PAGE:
Tightening supplies mean lamb and mutton prices are showing no loss of pace with all categories continuing to rise.
At time of print, the eastern states trade lamb indicator (ESTLI) was 790 cents per kilogram, while heavy lamb was at 802c/kg. Mutton prices plateaued slightly after recording a 561c/kg peak late last week, although still holding steady at 545c/kg.
Although the ESTLI is trading 28 per cent higher than this year's low, and has been gaining considerable ground since March, it is yet to break all time price highs.
But according to Mecardo market analyst Matt Dalgleish seasonal percentage price patterns suggests that an ESTLI peak near 900c and a national mutton indicator (NMI) peak approaching 660c this year is not out of the question.
"After a similar first quarter trend to the 2018 season, trade lamb prices across the east coast have begun their seasonal price climb earlier than last year," Mr Dalgleish said.
"The long-term seasonal average pattern for the ESTLI highlights that prices don't usually peak until late July early August, so we may have a way to go yet for trade lamb markets.
"If we assume a winter peak for the ESTLI nearer the upper end of the 70pc range, at a 35pc gain on the January 2019 opening price, this puts the 2019 peak at 900c/kg cwt."
In terms of supply however, there is an increase of heavy and extra heavy lambs entering the market.
Senior MLA market analyst Adam Cheetham said heavy lambs continue to enter saleyards in high numbers compared to the lesser weights.
He said for last week's yardings 42pc of lambs classified as heavy or extra heavy (22.1kg carcase weight) and 29pc in both the restocker (0-18kg cwt) and trade (18.1-22kg cwt) categories.
"This is not unusual for this time of year, as the remaining old season lambs (last year) are getting close to 12- months-old and are at risk of being reclassified as mutton," Mr Cheetham said.
"Numbers of heavy lambs will generally begin to decline over the next few months as the new season lambs begin to enter the market."
Eight months ago, in October 2018, the breakdown told a different story, with just 18pc of lambs in the heavy category, 32pc trade weight and the remainder, or 50pc, were restocker lambs.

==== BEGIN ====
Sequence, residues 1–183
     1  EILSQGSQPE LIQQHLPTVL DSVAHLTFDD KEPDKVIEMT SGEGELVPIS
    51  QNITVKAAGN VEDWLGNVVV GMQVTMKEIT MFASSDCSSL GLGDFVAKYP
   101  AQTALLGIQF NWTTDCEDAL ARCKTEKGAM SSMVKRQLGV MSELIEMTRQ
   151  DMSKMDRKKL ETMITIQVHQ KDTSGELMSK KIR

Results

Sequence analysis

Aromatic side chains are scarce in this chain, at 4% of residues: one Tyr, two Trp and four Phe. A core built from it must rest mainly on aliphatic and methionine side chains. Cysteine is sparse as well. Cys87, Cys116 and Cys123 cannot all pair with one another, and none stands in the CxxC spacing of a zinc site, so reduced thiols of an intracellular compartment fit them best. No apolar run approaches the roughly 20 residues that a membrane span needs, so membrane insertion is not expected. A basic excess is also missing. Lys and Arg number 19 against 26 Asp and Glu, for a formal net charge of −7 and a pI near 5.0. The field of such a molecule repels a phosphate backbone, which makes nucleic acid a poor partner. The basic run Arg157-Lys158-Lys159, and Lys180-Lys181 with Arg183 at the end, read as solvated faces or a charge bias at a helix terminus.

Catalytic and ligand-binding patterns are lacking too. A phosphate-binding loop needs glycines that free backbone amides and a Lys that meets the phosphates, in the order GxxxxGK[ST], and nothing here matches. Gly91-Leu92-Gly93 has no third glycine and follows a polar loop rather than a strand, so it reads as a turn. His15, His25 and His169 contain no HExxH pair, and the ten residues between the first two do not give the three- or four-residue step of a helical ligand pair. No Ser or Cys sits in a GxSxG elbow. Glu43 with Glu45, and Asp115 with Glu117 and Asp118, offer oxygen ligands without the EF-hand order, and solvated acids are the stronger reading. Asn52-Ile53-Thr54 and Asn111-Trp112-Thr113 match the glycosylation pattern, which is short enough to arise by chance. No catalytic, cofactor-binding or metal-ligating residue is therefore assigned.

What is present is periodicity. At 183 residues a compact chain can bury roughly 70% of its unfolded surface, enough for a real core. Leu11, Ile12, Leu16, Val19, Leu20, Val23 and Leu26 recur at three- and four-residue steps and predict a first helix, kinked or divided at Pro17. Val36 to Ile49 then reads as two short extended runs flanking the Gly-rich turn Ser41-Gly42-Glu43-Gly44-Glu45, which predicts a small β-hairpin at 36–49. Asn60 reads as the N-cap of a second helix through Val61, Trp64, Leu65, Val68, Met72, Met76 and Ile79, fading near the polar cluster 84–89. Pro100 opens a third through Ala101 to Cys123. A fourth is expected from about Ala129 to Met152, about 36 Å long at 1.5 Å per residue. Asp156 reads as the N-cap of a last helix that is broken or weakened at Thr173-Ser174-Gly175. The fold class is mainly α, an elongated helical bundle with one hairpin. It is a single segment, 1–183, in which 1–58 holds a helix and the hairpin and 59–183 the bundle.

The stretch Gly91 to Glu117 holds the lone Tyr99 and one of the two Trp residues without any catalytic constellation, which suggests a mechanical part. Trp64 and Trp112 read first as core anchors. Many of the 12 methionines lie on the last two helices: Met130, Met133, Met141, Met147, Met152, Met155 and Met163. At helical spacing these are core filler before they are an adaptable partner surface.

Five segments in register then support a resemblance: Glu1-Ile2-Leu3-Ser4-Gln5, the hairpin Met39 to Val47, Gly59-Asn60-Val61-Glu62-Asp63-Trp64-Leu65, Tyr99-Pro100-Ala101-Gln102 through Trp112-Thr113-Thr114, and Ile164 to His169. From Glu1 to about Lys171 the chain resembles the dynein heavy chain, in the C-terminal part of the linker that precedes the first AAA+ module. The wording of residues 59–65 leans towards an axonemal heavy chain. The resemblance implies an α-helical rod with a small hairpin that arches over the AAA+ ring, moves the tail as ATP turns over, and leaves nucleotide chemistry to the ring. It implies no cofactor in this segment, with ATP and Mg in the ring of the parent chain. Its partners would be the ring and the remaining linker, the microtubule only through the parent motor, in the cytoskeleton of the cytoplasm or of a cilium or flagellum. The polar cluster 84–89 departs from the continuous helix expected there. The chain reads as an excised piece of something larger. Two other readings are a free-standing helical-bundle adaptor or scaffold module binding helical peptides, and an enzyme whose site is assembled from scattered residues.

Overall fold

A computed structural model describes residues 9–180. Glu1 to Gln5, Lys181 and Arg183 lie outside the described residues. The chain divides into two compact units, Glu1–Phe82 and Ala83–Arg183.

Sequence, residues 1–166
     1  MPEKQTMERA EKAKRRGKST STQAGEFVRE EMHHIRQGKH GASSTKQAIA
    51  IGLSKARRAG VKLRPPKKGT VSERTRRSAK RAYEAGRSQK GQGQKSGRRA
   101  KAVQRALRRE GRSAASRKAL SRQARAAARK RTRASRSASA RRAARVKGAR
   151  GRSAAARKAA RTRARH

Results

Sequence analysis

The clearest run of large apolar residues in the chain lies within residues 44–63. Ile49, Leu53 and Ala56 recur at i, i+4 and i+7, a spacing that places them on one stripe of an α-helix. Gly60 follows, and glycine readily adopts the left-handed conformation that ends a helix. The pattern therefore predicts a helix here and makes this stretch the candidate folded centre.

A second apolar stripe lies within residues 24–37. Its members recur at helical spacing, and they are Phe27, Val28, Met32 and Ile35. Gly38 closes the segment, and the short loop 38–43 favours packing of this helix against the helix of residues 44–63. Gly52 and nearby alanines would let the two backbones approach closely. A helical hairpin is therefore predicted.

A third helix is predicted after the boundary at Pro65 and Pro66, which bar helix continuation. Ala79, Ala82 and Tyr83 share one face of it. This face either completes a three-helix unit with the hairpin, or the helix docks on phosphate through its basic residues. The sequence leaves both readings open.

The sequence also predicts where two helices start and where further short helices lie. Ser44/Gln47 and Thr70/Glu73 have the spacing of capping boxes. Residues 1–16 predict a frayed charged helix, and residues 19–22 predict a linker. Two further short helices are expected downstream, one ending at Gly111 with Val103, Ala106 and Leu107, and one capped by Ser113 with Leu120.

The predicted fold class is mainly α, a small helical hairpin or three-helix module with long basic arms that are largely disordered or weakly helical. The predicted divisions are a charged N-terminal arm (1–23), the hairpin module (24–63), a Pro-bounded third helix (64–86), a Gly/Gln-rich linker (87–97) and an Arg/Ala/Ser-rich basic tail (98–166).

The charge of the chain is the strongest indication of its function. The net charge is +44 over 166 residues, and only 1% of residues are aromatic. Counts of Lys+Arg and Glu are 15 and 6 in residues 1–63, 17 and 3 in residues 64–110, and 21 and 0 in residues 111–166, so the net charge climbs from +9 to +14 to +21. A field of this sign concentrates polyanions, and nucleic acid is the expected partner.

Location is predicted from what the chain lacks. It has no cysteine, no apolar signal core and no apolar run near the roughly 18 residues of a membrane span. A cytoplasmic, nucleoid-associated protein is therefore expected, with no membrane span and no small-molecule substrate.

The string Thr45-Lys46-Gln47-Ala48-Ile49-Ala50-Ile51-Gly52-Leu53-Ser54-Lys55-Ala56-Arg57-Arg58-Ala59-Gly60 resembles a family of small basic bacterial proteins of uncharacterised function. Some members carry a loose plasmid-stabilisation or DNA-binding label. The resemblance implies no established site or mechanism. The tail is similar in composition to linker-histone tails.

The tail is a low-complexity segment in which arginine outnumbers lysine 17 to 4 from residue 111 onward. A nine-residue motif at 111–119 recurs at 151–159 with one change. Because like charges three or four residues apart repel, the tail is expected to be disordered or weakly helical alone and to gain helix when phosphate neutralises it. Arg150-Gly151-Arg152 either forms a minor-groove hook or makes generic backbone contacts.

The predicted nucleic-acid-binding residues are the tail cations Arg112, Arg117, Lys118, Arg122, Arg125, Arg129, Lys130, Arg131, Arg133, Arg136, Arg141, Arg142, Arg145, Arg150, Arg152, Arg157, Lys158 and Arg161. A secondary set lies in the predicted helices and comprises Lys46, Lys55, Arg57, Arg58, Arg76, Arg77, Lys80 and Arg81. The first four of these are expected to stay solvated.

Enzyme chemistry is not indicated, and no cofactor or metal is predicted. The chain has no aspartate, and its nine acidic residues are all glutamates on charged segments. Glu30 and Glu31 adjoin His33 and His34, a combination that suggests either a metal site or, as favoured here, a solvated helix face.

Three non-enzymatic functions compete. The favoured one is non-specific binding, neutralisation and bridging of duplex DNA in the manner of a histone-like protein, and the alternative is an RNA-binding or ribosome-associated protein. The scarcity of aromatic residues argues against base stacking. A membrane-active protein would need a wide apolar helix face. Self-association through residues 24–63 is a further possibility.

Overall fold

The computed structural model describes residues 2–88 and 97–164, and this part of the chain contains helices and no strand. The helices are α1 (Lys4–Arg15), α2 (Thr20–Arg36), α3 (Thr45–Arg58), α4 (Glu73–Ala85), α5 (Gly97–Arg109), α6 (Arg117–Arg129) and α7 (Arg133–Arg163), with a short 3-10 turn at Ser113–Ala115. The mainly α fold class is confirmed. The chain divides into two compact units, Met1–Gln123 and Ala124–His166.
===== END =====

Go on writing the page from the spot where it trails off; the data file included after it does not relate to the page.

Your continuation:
Yardings are 42pc above average with the weekly east coast lamb yarding levels for May running 20pc above the five-year average.
Sheep yarding levels during May have been trending 35pc higher than their long-term seasonal average pattern.
Mr Dalgleish said this indicates that demand for lamb and sheep remains robust as prices continually move higher.
"The five-year average seasonal trend for lamb and sheep yardings and slaughter show a clear decline in volumes as we head towards winter, so a tightening of supply is looming," Mr Dalgleish said.
The five year average seasonal trend for lamb and sheep yardings and slaughter show a clear decline in volumes as we head towards winter, so a tightening of supply is looming
"A weakening Australian dollar, down around 3.5pc over the last month and trading below US70, combined with robust offshore demand for Aussie lamb and sheep exports should continue to provide solid price support across ovine markets in the coming weeks."
The recent lamb and mutton over the hook (OTH) indicators across the eastern states, despite steady slaughter numbers, are also trending higher.
Victorian lamb OTH saw the largest improvement week-on-week, up 24c to 740c/kg cwt.
SA lamb OTH also recorded a price lift this week, up 20c to 743c/kg cwt.
SA has seen the largest improvement for the year-to-date, up 43c since January.
The difficult season however is still forcing farmers to consider their stocking options ahead of the winter months.
An example of this is the number of sheep on offer through AuctionsPlus jumping considerably to 62,795 head last week.
The bulk of these were joined Merino ewes from NSW and sold from $106 to a top of $243 to average $189.